Netezza Boosts Data Warehouse Capacity

4/29/08Follow @wroush

Netezza (NYSE: NZ) sells high-performance data warehousing appliances to companies such as Neiman Marcus, Amazon, and TJX that need to analyze terabytes of customer data quickly to detect fraud or help with marketing decisions. Thanks to new compression techniques being rolled out next month as part of the latest software upgrade for Netezza’s appliances, they’ll be able to sift through that data more quickly, and store more of it.

“These are big companies with datasets that are growing 20 to 50 percent annually,” says Phil Francisco, vice president of product management and marketing at Framingham, MA-based Netezza, which went public last summer in one of the Boston area’s biggest technology IPOs. “The ability to make that data actionable in a low-latency way [i.e., faster] has become a fundamental competitive lever in their businesses.”

Data warehouses are like staging areas for the raw information sitting in the transaction databases large companies manage to compile data on sales, customers, suppliers, and employees. The business intelligence software used to make sense of all this data can’t query the transaction systems directly, since they store data in many different formats. Data warehouse appliances extract the information and store it in a uniform way.

The new “Compress Engine” feature of Netezza’s servers, unveiled yesterday, will double the speed at which that stored data can be extracted from the devices’ disk drives, while at the same time allowing companies to store four or more times as much data on each machine. And all of that will be achieved through a simple software upgrade—one bonus of Netezza’s hardware-intensive approach to data warehousing, in which each storage server is actually a powerful computer containing special chips assigned to speed query-answering by filtering out irrelevant data as it streams off of hard drives.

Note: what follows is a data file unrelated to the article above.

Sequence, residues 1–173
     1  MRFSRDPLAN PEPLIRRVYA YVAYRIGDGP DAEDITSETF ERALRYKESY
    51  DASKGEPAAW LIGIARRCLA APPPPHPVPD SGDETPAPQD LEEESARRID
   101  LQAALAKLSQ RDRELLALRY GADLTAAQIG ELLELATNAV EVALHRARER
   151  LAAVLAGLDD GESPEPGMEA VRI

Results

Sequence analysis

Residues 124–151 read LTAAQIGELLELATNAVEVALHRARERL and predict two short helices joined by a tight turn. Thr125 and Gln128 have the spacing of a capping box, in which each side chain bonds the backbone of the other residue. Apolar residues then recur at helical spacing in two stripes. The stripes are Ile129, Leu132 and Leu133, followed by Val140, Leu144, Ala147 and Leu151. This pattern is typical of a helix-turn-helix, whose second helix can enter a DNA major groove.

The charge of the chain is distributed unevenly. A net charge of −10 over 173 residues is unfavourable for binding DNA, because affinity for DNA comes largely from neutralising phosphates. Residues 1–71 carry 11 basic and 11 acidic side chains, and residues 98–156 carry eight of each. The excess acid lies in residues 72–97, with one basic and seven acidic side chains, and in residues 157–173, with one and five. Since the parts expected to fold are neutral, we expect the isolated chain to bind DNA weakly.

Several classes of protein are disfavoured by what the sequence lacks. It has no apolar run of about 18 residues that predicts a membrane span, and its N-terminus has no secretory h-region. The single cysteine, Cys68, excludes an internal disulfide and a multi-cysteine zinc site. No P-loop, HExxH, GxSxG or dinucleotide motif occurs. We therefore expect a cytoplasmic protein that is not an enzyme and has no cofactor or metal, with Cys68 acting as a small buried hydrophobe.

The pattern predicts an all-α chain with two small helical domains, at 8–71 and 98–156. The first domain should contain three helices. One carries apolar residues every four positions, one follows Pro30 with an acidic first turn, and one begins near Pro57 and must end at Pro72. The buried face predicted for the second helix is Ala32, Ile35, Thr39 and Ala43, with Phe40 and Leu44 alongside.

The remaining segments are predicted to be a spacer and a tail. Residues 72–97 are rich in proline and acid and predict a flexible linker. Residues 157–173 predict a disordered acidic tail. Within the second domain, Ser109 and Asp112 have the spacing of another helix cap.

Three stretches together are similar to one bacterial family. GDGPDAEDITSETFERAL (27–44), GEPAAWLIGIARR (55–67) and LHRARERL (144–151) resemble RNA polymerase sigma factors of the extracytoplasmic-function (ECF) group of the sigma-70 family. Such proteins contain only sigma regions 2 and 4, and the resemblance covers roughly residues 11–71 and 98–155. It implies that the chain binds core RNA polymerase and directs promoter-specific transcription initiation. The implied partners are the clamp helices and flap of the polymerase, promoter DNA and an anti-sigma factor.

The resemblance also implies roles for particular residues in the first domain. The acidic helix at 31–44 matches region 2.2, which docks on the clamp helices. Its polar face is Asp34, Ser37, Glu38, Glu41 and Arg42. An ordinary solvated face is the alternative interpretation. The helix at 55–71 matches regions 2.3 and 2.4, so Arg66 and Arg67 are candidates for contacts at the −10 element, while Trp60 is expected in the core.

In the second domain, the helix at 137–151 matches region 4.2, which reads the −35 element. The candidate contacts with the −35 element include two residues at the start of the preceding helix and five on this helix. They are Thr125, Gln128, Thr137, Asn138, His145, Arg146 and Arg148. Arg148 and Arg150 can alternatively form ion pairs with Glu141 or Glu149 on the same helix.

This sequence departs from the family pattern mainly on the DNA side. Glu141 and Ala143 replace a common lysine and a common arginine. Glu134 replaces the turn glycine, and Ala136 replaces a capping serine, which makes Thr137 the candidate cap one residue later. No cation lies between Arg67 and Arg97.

Netezza calls those custom chips “FAST Engines.” FAST Stands for FPGA Accelerated Streaming Technology; FPGA, in turn, stands for Field Programmable Gate Array, connoting the fact that the chips aren’t designed for any specific application but can be reprogrammed on the fly to carry out any logical function. With the software upgrade, Netezza is assigning a portion of each FAST Engine just to handle data decompression, which is normally a CPU-intensive task that slows down everything else. “We’re able to do decompression at the same rate that we read the disks—so if your data is compressed at a 2-to-1 ratio and the read rate of your disk drive is 60 megabits per second, effectively we’re hitting a scan rate of 120 megabits per second,” explains Francisco.

In the end, that means companies can get answers to crucial business questions faster. (Netezza has a fairly informative blog post about the whole thing.) The new technology will be an optional feature available to Netezza customers for an extra fee as part of the 4.5 release of the Netezza Performance Server software.

Wade Roush is a contributing editor at Xconomy. Follow @wroush

By posting a comment, you agree to our terms and conditions.